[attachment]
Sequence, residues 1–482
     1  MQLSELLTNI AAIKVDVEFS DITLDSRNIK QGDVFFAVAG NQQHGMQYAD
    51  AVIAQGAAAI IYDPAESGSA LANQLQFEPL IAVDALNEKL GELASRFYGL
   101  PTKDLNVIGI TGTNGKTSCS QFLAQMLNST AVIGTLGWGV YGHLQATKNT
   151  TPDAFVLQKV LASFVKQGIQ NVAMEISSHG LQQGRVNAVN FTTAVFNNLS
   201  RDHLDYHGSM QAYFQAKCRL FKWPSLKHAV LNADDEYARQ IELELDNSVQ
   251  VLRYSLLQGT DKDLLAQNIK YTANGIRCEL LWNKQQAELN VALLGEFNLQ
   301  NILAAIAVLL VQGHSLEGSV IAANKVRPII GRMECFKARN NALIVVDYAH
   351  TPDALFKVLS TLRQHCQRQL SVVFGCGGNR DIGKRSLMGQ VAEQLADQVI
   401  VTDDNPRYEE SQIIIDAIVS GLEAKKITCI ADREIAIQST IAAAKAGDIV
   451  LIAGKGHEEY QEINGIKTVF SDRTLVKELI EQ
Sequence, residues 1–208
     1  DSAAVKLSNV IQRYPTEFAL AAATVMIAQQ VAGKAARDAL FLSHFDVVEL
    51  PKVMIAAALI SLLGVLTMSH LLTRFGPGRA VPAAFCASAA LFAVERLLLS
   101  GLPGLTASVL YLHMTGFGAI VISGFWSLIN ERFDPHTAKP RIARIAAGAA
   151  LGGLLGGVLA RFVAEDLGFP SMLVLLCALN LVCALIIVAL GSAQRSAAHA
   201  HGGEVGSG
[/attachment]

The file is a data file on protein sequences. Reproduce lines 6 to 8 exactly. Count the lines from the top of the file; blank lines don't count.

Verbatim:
   201  RDHLDYHGSM QAYFQAKCRL FKWPSLKHAV LNADDEYARQ IELELDNSVQ
   251  VLRYSLLQGT DKDLLAQNIK YTANGIRCEL LWNKQQAELN VALLGEFNLQ
   301  NILAAIAVLL VQGHSLEGSV IAANKVRPII GRMECFKARN NALIVVDYAH